Wall Street Has Given Up on These 3 Stocks, and That's a Huge Mistake

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The big Wall Street banks may be considered the "experts" when it comes to stocks. After all, they get paid the big bucks to take companies public, guide mergers and acquisitions, and rate stocks buy or sell, but that doesn't mean they're always right about the market. In fact, Wall Street analysts have well-known biases, including short-termism, or favoring the short-run performance of a stock over the long-term prospects. Wall Street banks also tend to look fondly at the stocks they've shepherded into the public markets, which may explain why Uber and Lyft are now trading underwater. Other times, Wall Street simply gives up on a stock that still has potential.

Individual investors can take advantage of Wall Street's oversights and biases if they know how spot them. Keep reading to see why Baidu (NASDAQ: BIDU), Ford (NYSE: F), and Stitch Fix (NASDAQ: SFIX) could present outsize rewards for individual investors.

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You don't have to search hard for this opportunity

Dan Caplinger (Baidu): It wasn't that long ago that Baidu was one of the most popular stocks in the emerging markets. With the Chinese internet industry on the upswing, Baidu's prowess in providing search results to users led to inevitable comparisons with the primary provider of internet search to the U.S. market. Yet even as the e-commerce and digital revolutions have continued to make progress in China, Baidu's stock has languished, and its market capitalization remains barely more than a tenth of what key rivals like Alibaba (NYSE: BABA) are able to boast.

Recently, part of the problem has been that Baidu hasn't been able to keep up consistent growth. Although its results in the fourth quarter of 2018 were solid and included a 22% boost to revenue, Baidu projected that it'd only see top-line growth in the 12% to 18% range to begin 2019. With a streak of substantial deceleration in its growth rate, Baidu hasn't been able to turn its dominance in internet search in China into other revenue-generating opportunities to the same extent as many had hoped.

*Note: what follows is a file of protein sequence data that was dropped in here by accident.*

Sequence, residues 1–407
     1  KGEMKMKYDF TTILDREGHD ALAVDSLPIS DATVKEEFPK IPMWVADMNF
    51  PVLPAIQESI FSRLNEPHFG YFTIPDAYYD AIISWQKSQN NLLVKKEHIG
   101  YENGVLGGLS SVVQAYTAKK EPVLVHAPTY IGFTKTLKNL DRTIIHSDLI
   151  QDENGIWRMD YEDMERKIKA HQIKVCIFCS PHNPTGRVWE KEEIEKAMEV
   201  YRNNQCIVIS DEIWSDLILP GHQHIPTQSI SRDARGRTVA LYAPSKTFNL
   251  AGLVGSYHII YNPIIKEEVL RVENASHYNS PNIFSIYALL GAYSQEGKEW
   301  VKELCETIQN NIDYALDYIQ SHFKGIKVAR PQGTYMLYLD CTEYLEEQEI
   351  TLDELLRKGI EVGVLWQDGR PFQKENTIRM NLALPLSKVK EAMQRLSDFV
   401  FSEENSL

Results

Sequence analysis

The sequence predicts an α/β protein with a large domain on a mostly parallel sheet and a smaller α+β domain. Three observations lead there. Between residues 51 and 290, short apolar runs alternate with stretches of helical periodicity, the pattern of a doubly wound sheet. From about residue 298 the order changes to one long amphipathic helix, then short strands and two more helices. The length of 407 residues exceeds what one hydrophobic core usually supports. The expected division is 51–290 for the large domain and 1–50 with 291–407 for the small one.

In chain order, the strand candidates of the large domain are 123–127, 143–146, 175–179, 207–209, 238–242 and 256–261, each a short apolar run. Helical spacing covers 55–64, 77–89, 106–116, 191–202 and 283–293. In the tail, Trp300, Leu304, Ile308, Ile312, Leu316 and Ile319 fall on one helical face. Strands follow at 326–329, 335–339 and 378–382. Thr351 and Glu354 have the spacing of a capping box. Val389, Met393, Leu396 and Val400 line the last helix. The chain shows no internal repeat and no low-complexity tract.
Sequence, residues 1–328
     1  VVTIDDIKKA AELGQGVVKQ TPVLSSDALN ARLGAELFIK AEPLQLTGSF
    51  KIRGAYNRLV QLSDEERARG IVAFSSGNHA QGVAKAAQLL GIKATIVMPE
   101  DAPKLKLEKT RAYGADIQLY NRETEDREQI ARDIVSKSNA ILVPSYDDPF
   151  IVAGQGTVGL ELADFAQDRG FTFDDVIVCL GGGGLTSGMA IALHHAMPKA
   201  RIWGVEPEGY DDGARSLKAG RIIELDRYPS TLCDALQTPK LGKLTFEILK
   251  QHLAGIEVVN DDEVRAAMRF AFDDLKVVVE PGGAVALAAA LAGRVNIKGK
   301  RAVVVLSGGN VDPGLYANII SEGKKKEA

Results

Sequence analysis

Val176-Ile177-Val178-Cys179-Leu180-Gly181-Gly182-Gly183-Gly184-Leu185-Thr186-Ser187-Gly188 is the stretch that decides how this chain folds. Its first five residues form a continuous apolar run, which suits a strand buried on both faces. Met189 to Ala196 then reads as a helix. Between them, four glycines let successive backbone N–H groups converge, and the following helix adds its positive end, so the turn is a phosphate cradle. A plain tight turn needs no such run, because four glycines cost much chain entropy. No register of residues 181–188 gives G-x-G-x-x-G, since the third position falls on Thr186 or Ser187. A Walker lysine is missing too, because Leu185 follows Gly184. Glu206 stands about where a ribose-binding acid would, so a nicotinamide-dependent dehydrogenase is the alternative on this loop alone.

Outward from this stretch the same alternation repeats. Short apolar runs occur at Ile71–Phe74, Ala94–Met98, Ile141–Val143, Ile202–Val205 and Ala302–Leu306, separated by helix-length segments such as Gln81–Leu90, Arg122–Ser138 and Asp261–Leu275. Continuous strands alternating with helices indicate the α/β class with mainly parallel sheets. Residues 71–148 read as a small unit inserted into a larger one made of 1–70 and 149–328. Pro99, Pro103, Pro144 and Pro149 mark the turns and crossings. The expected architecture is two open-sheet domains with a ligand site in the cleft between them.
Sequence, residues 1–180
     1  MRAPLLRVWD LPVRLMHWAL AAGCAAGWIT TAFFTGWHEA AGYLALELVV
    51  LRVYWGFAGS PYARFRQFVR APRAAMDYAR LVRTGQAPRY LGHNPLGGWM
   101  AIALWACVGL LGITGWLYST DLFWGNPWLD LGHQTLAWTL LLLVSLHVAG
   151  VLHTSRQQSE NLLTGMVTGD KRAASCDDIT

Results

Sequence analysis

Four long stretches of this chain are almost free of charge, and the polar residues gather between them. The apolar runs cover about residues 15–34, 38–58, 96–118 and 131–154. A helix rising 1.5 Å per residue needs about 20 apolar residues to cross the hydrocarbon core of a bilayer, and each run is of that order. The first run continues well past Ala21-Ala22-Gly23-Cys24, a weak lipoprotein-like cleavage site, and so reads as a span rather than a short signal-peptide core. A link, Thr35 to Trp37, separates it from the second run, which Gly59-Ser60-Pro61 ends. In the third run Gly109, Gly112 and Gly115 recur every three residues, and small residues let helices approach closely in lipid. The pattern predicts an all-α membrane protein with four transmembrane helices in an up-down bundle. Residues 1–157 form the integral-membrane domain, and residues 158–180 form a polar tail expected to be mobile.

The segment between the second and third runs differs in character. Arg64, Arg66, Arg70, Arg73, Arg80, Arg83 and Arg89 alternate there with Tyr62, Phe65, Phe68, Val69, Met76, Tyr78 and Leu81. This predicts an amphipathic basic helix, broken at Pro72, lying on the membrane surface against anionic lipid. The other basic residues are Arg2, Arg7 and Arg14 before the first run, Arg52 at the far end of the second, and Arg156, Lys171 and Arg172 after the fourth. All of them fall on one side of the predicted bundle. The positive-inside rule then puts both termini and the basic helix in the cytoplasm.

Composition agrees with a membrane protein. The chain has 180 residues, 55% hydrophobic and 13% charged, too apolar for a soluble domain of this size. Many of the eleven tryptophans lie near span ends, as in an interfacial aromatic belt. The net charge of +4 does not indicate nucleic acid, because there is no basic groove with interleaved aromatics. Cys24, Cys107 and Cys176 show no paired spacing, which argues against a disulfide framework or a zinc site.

Rising costs have worried investors, but they reflect Baidu's attempt to accelerate future growth. With a host of promising projects, Baidu has the ability to break out of its malaise and produce impressive gains if it can execute on its opportunities well.

A turnaround gaining traction

Daniel Miller (Ford): Ford has slowly but surely shed roughly 22% of its value over the past three years, while rival General Motors has increased 24%, and at Ford's current price-to-earnings ratio of 13, Wall Street has left the automaker on the roadside.

To be fair, Ford has struggled over the past couple of years to put together a viable turnaround plan in place, with details that satisfied investors and analysts alike. The good news is that Ford's first-quarter results suggest the restructuring is finally gaining traction, and with a couple of other developments in place, it could be poised to succeed in the coming years despite a slowing North American vehicle market.

Despite battling higher commodity costs, Brexit, trade tensions, and currency headwinds, the company posted a 12% increase in adjusted operating profit, reaching $2.4 billion during the first quarter. Ford's adjusted earnings per share checked in at $0.44, which torched analysts' estimates of only $0.27 per share. Earlier this year, Ford had declined to give specific full-year guidance, throwing even more uncertainty into the equation for investors to consider. However, CFO Bob Shanks now believes that, in part thanks to the strong first quarter, 2019's results will improve over the prior year. That's a positive step.